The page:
(AP) - Larry Brown knows his quick turnaround at SMU is much different than anything the Hall of Fame coach has done in the past.
Less than two years after Brown returned to college, a quarter-century after he won a national title at Kansas and with a record nine NBA head jobs to his credit, the No. 23 Mustangs (19-5, 8-3 American Athletic Conference) are in The Associated Press poll for the first time since March 1985. They are undefeated at home, with three wins over ranked teams in only five weeks.
"At Kansas and UCLA, I didn't establish those programs. The traditions at North Carolina, Kansas, UCLA, I've been lucky enough to be part of that, but there's so many people that have done great things there," Brown said. "This program was highly thought of, but it was a long time ago. We were hopeful coming here we could be a really terrific program that played at a high level."
Only 56 games into Brown's tenure, the Mustangs certainly seem to be on a fast track, and they'll try to stay there as they visit Rutgers (10-14, 4-7) on Friday night after the game was postponed one day due to a storm.
"I'm not surprised how quick he turned it around, but I know he has something bigger than just basketball in this moment," point guard Nic Moore said. "He's trying to make us become great men in life. ... That is how he's getting me to be a better player."
The Mustangs went more than 10 years without a win over a ranked team before opening the renovated Moody Coliseum by beating then-No. 17 UConn. They have since posted double-digit wins over Top 25 teams Memphis and Cincinnati, the latter 76-55 on Saturday for their first on-campus victory over a top-10 team since 1967.
SMU last had multiple victories over ranked teams in 1984-85, the same season they were ranked as high as No. 2 before being No. 20 in the final poll before the NCAA tournament.
"I never imagined it could be like this for me at (age) 73. I mean, this is like going back to when I was freshman coach at North Carolina. I feel exactly the same way until I look in the mirror," Brown said. "But I still have the same passion. I love coming to practice, I love being around our coaches. I don't think anybody at my age deserves this, and I love it, and I feel real fortunate."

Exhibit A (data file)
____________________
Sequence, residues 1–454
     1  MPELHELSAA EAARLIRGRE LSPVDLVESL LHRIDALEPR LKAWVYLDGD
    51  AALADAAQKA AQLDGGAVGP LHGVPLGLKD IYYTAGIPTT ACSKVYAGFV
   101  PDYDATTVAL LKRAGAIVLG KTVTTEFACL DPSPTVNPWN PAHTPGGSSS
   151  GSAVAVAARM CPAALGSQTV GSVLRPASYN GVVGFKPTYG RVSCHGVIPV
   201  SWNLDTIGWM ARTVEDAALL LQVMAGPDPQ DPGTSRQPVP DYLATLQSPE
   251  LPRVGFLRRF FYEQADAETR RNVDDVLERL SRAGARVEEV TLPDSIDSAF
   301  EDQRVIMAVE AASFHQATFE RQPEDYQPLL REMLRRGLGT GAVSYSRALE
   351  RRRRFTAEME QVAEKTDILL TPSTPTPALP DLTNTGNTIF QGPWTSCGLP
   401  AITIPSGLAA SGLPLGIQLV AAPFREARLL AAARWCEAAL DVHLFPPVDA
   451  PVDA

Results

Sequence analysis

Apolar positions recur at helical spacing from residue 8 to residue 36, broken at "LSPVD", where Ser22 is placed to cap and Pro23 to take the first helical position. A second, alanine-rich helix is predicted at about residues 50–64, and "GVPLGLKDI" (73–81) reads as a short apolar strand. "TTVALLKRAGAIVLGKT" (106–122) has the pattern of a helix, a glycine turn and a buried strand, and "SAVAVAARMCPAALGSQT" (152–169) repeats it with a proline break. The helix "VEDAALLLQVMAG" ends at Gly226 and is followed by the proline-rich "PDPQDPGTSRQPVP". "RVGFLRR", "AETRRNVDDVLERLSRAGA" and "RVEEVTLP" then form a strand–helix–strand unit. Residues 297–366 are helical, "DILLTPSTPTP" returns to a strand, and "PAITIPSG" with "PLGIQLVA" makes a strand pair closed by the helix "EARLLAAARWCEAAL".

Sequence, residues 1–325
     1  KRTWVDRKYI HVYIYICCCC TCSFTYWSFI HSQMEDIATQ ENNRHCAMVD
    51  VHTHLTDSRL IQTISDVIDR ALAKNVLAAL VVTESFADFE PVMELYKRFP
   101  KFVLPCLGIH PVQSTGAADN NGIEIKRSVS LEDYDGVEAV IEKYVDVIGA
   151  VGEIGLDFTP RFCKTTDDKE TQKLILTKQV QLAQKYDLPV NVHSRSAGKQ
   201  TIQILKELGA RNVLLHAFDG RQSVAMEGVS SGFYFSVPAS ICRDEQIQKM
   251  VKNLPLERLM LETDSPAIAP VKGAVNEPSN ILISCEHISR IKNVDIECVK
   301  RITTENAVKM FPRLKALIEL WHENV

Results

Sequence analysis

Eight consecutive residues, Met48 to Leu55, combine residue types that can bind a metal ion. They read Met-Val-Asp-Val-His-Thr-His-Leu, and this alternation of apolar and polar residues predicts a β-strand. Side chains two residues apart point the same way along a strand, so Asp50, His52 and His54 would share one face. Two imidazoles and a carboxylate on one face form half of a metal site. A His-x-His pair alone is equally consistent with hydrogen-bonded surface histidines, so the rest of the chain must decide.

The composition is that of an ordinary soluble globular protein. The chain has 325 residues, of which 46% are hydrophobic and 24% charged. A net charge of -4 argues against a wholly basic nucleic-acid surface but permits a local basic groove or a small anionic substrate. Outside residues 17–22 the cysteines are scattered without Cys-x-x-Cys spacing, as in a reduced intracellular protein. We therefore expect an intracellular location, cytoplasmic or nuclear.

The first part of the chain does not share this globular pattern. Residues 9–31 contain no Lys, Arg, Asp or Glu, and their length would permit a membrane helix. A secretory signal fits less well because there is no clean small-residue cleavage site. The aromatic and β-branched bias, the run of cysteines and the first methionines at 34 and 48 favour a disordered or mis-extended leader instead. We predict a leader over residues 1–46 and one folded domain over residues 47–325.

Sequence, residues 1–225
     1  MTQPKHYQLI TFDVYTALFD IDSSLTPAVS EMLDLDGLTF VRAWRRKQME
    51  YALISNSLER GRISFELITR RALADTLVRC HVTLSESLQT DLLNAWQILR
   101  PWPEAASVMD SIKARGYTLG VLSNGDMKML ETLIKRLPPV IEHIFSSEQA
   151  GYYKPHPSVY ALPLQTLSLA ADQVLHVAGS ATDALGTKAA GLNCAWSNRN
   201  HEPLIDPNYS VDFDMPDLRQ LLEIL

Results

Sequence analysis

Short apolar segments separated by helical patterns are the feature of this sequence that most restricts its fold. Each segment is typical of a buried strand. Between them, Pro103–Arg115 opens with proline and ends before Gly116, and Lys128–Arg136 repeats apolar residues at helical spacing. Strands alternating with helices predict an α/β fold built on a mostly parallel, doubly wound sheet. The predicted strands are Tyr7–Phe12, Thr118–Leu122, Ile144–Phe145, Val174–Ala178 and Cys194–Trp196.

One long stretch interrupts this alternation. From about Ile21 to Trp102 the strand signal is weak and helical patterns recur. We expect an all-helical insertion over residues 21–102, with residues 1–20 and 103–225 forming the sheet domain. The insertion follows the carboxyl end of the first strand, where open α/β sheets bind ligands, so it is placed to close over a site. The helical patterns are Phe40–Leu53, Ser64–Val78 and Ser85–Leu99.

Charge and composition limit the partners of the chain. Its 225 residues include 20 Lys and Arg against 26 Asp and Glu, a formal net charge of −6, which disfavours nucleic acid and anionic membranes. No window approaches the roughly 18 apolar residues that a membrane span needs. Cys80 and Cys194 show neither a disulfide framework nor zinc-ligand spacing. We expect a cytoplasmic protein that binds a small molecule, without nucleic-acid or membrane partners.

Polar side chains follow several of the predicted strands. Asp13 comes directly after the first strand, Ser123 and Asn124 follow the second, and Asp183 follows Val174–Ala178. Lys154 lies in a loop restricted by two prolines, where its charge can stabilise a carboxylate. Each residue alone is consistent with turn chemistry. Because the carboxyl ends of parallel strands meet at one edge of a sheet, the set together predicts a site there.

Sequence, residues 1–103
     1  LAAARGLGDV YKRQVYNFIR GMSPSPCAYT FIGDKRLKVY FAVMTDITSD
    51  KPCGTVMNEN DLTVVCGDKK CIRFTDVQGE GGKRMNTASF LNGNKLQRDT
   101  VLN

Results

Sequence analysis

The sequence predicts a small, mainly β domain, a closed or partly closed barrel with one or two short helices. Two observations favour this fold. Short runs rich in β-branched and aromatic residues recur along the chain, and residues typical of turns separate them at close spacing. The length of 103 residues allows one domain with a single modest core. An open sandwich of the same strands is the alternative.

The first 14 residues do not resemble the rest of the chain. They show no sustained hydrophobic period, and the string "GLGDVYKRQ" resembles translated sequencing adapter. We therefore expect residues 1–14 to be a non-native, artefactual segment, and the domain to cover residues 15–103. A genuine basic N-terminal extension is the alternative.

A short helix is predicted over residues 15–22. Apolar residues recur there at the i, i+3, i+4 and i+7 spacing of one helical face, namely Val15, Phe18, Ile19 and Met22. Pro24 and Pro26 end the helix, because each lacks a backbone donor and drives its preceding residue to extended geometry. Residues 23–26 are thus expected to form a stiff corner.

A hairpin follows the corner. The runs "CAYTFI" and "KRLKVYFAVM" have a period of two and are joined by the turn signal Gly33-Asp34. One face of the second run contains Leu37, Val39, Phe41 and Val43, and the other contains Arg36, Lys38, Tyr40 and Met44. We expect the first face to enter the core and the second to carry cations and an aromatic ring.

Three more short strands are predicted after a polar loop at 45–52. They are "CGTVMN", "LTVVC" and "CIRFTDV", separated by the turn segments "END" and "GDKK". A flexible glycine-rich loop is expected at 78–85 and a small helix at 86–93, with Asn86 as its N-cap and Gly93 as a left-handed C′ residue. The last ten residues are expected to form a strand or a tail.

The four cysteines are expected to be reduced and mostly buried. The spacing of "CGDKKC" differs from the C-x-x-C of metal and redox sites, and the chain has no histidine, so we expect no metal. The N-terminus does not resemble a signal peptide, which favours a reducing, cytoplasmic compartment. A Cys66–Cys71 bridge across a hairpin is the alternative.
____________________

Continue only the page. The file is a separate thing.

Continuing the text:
Even before the new poll with SMU was released Monday, students were camped out to get tickets for the last three sold-out home games. Brown showed up with doughnuts and coffee, calling that interaction "far more meaningful than being ranked."
Talk about Moody Madness, all for a team that last went to the NCAA tournament in 1993 and hasn't won a tourney game since 1988, the same year Brown and Kansas won the national title. SMU basketball is suddenly a hot ticket in Dallas.
Before the Connecticut game Jan. 4, SMU hadn't sold out a home game since 2001. The Mustangs will have sellouts their last six home games, the next Feb. 19 against Houston.
"When I first got here, it seemed like it was just our parents were here," said senior forward Shawn Williams, who now gets noticed off the court. "I was pumping my gas and somebody actually knew who I was. That had never happened before."
And it used to be the only reason classmates figured he was a basketball player was his 6-foot-7 frame.
"Now it's crazy," he said.
SMU was 15-17 in Brown's first season, when five starters played more than 32 minutes a game. That was with Moore and starting big man Markus Kennedy sitting out after transferring and before the addition of three freshmen now making significant contributions.
"The school's great, Dallas is great. ... There's great talent around here, we're in a great conference, so all the things were in place," Brown said. "But I didn't know we could assemble a group like this, the transfers we got, the recruits we have, and the kids we retained. You look at the contribution of the freshmen and the transfers, it's given us a chance to be pretty good."
Fans rushed the court at the end of the Cincinnati game. It was a first for Brown, who had only been part of games where the opposing team celebrated that way.
"It makes me realize you haven't had much success, and it was nice for them to enjoy that and share that with our players," he said. "I would hope in the future that we're excited because we beat a team we're expected to beat, and then we get ready for the next one."
That would be the Scarlet Knights, who fell 70-56 at SMU on Jan. 21 in the teams' first-ever meeting. Rutgers shot 32.7 percent and allowed the Mustangs to make 46.5 percent.
The Scarlet Knights have won two of three since a four-game losing streak, beating South Florida 79-69 on the road Saturday. Kadeem Jack scored a career-high 31 points for Rutgers, which is battling for the sixth and final position eligible for a first-round bye in the AAC tournament.
"It's our carrot, obviously," coach Eddie Jordan said. "We have to have a goal, and it's sixth place. Hopefully, we can achieve that goal, but it's a journey. Possession by possession is important for us. We can't look too far ahead."